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Beyond zero sum

March 29, 2012

Community gardens seem to be one of the up-and-coming trends in our readership area. Transition Honesdale started one last year in Honesdale, PA, and last week, we printed an article about one being started this year in Hawley, PA. In Tusten, NY, there is a proposal to start a community garden in Narrowsburg, on the Fort Delaware property and the 14-acre field on Kirk Road that currently belongs to the school district (as of press time, it had not yet been confirmed whether the venues will be available).

Although the proposal has been put together by Andrea Reynosa, who is a councilwoman for the Town of Tusten, it is not a town government project. Nevertheless, the subject of the garden came up last week at a town board meeting because the board is forming a Local Development Corporation (LDC) so that it can raise funds for various projects to enhance the town (municipalities themselves are not allowed to do fundraising), and the community garden could be one of the projects for which funds would be raised.

As a result of the LDC connection, and because at least part of the garden is proposed for school property, a member of the public raised a question as to the potential negative impact such a project might have on local farmers. Should any public facilities be used to encourage a community garden when such a thing might in fact cut into sales at farmers’ markets?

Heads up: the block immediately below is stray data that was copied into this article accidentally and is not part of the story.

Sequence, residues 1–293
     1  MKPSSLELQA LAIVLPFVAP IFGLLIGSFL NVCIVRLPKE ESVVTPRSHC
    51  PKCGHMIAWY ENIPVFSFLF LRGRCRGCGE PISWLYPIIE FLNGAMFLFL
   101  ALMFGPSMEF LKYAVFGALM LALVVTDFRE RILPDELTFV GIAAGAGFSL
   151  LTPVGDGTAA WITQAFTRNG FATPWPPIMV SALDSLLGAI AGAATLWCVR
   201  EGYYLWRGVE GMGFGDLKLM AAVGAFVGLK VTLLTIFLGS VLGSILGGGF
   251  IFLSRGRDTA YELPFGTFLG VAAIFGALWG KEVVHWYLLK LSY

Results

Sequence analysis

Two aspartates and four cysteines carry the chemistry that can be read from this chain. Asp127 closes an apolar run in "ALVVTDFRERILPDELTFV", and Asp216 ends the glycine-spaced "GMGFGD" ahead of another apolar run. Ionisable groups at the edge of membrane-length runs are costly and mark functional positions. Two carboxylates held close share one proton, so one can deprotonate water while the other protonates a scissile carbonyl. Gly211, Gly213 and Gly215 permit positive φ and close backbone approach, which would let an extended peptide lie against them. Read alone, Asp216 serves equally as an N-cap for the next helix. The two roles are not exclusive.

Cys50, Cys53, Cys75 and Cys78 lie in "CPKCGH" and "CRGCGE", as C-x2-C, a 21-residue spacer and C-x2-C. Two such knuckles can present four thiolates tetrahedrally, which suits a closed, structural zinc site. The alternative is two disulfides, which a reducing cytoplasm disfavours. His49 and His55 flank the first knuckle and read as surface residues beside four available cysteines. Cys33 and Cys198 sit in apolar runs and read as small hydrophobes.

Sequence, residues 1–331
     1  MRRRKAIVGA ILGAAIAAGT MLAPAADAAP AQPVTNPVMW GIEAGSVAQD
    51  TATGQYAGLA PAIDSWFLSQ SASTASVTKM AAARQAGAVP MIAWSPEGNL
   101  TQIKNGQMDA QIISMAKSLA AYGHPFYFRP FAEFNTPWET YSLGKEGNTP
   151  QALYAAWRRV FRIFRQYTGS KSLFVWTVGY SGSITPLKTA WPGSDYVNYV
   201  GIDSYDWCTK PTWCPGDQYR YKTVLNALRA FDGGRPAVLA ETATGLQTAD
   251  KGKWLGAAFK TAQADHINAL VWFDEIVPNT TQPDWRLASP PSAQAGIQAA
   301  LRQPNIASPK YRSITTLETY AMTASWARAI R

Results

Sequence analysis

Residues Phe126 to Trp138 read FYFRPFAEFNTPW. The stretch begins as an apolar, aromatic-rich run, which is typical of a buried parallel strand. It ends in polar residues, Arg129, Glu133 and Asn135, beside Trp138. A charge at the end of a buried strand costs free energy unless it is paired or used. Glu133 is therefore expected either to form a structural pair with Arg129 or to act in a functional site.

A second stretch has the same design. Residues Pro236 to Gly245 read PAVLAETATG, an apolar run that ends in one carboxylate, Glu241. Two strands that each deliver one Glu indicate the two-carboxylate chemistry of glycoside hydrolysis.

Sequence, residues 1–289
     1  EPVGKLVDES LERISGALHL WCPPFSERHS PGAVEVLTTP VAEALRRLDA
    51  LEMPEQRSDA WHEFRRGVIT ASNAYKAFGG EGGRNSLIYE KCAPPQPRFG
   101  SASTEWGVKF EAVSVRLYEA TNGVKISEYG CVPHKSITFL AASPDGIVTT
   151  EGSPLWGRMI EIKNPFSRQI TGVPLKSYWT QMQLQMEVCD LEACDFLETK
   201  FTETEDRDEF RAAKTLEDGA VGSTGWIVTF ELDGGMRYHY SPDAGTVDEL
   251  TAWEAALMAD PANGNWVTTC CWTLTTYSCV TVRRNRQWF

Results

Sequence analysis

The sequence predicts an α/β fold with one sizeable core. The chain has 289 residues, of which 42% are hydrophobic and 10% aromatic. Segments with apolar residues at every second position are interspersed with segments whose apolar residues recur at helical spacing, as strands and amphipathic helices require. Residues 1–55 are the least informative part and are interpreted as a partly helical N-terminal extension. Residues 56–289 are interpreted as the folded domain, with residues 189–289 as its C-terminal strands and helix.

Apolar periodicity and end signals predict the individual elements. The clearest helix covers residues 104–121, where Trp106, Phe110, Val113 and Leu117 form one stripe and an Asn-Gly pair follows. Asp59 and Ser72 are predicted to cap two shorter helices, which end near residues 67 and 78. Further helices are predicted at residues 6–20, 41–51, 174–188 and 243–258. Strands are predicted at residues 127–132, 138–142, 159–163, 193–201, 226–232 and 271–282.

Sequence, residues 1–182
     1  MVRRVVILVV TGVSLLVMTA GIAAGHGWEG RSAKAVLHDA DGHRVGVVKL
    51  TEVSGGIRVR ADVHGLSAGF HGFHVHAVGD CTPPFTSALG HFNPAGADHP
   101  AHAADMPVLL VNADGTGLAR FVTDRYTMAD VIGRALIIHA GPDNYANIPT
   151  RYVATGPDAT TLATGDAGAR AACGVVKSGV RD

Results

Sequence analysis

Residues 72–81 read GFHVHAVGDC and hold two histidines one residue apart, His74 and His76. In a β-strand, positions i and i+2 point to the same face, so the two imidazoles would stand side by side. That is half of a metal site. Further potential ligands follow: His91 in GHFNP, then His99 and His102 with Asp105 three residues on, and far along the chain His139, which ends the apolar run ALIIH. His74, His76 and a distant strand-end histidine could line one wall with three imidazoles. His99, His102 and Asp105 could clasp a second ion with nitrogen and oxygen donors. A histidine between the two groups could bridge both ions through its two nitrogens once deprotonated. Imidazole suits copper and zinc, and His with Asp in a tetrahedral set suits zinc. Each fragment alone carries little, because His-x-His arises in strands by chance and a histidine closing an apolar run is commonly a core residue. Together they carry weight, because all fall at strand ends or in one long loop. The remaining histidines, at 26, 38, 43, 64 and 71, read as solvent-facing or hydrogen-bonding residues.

As staunch advocates of local agriculture, we are delighted to see farmers’ welfare brought into the equation. But we think this criticism is based on a faulty assumption: that we are talking about a zero-sum game. The idea that community gardens are harmful to farmers assumes, in particular, that there is only some fixed amount of demand for fresh produce, and that therefore, for every new supplier that comes in, some existing supplier must sell less.